I was recently asked by one of my clients to write about CrossFit and describe what it is that we actually do at CrossFit Cavaliers to a couple of Hong Kong University professors who haven't got a single clue of what CrossFit is. As I pondered and did a little research by asking around, I noticed that non-CrossFitters often correlate CrossFit to what is known as High Intensity Interval Training (HiiT). Well then, here's some insight to all Non-CrossFitters and CrossFit beginners, to better understand what CrossFit is all about.
Titled: Is CrossFit just kind of like HiiT?
To really understand the differences between CrossFit and HiiT, let's first look at the latter.
What exactly is HiiT?
HiiT is a highly customisable training strategy/ program that includes high intensity anaerobic training blocks followed by less intense rest periods.
By drifting your body from an anaerobic (high) zone of workload to an aerobic (low) zone of workload, HiiT is effective when it comes to improving glucose metabolism and building athletic efficacy within a short period of time.
#In short, these regimes have been hugely popular because of the fat burning and athletic performance improvements it provides.#
Some of the more notable HiiT programs in recent years include Tabata, Insanity and P90X. All of which follow the frame work as presented above with different variables such as movements, work time and rest time.
Now how is CrossFit different from HiiT?
Let's start with the obvious argument:
Olympic Lifts & Strength training
For those of you who haven't done CrossFit before or very little, Olympic lifts and other strength training movements are big segments in CrossFit. Movements such as the clean & jerk and snatch are seldom seen in HiiT programs. More importantly, the obvious focus of strength training is to get stronger by lifting heavier weights, which has a completely different focus compared to HiiT programming.
Now what about MetCons?
For those of you who don't know what MetCon is: MetCon stands for Metabolic Conditioning.
According to Greg Glassman, founder of CrossFit, ultimately the CrossFit position on metabolic conditioning, or “cardio”, is summed up in two points. First, anaerobic training can match endurance training for aerobic benefit. Additionally, metabolic training with varying and mixed exercise modalities avoids specificity of adaptation, allowing for additional first wave - cardiovascular/respiratory adaptations, and increased functional strength.
Too Many words? Heres the short version:
1) High intensity training also works for endurance capabilities.
2) In CrossFit, we do different movements in order to keep our bodies from adapting to certain movements for better results.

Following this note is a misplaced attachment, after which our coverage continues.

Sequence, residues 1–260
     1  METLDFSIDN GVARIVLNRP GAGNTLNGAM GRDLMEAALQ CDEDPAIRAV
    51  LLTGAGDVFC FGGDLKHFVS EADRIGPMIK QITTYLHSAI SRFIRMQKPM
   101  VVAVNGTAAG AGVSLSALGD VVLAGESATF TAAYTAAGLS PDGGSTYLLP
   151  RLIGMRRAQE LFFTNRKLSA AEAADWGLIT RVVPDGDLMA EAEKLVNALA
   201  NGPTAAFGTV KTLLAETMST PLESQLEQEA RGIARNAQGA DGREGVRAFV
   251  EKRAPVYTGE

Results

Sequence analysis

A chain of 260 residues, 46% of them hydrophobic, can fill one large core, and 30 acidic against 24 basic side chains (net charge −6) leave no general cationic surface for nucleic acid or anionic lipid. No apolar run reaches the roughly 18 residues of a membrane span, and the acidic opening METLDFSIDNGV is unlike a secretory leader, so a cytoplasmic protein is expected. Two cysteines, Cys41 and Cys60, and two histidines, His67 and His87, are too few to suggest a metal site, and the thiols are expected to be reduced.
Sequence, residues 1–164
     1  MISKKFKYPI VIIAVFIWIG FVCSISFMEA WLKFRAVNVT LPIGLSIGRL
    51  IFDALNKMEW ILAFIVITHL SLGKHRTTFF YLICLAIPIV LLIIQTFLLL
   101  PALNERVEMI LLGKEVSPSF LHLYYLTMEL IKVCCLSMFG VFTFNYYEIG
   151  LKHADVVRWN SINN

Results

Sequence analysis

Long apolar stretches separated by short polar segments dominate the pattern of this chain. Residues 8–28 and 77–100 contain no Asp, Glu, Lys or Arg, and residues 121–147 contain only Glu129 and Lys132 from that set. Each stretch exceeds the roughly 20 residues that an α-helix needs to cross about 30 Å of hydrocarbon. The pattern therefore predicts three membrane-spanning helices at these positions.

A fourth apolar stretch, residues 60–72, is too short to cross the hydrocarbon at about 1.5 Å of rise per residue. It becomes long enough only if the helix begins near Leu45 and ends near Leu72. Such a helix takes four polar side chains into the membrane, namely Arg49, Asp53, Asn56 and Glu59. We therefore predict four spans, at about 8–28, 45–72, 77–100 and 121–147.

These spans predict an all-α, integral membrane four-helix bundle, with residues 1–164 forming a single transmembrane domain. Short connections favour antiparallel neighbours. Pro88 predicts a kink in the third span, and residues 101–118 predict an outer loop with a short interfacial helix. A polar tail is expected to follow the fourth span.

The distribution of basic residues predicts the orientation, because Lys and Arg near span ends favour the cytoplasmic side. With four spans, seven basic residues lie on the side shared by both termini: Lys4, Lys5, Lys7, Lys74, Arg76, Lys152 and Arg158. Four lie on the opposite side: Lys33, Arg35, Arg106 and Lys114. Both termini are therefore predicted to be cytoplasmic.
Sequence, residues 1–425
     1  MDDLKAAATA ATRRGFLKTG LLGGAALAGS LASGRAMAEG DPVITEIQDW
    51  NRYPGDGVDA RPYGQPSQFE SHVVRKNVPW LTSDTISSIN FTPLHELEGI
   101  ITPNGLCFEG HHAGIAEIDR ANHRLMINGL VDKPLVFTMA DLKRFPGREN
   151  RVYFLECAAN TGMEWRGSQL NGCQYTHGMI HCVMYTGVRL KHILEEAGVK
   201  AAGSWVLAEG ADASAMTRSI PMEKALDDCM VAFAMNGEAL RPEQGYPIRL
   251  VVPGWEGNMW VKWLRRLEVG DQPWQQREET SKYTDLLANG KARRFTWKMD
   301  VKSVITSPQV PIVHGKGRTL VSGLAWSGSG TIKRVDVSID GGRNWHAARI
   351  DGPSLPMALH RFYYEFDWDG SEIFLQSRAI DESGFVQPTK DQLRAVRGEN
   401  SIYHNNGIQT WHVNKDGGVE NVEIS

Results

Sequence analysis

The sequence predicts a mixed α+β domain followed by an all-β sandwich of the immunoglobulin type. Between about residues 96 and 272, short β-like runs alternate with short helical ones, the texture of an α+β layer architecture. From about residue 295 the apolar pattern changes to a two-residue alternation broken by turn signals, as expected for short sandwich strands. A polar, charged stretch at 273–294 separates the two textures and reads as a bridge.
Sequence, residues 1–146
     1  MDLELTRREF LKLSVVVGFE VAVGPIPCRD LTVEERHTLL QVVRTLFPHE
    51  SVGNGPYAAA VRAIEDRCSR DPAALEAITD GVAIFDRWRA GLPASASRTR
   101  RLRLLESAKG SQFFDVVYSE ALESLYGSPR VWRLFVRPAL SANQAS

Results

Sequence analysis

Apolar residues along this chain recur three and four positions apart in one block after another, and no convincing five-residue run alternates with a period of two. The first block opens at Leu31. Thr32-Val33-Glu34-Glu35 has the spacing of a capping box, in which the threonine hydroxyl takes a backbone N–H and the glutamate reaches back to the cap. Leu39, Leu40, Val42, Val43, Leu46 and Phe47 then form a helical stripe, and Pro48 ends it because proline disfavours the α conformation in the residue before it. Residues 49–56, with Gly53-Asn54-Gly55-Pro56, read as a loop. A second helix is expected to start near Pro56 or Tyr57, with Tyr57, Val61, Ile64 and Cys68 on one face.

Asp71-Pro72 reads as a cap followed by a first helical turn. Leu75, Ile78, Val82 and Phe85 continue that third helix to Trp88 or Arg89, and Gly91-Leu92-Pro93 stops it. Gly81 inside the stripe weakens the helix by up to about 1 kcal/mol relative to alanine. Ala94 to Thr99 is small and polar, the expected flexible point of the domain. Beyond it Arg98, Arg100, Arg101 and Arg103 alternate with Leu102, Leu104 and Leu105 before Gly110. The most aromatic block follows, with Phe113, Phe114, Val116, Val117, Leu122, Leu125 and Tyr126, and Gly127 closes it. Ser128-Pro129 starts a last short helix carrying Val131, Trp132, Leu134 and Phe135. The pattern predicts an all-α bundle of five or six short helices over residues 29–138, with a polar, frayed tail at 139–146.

CrossFit MetCons are usually the reason why CrossFit is commonly viewed as similar to HiiT and I will tell you why they are very different:
Take what we did at CrossFit Cavaliers last Wednesday for example:
To strategise for Karen, Coach Cam wrote down tips for us to complete these Wallballs as fast as possible according to each individual's capacity.
Here's one of them:
Complete 25 per minute and try to rest 15s within that minute x repeat 6 times
This particular strategy is actually a good example of HiiT - high intensity working blocks and rest in between.
However, since the goal of this workout is for time (as fast as possible), everyone can divide the workload in anyway they want. For elite CrossFit athletes, they can even do these without stopping - all 150 of them!
The argument here is that at a higher level of CrossFit, this workout is no longer consistent with the framework of HiiT since there's no mandatory scheduled rest time, only strategic ones.
Furthermore, CrossFit Metcon's variability and its broad modal & time domains make it very different from HiiT programming.
If you look up the official definition of CrossFit you will find the following statement:
"Constantly varied functional movements executed at high intensity across broad time and modal domains"
HiiT programming is simply far too narrow to fit all that is CrossFit into its definition. In other words, HiiT can be a part of what we do in CrossFit but CrossFit is definitely not just another form of HiiT.
CrossFitters strive for building athletic efficacy through all physical domains. In CrossFit we dip our toes in a vast amount of fitness categories such as gymnastics, metabolic conditioning, Olympic lifting and strength training.
Being constantly varied in programming, CrossFit is ever changing.
Universal scalability means CrossFit is always evolving to each individual's training age.
CrossFit is a holistic prescription for health and fitness, and it would be unfair to consider it "just like HiiT." It doesn’t mean we avoid it and it doesn’t mean that it’s not beneficial. CrossFit is simply much more profound than just high-intensity intervals.
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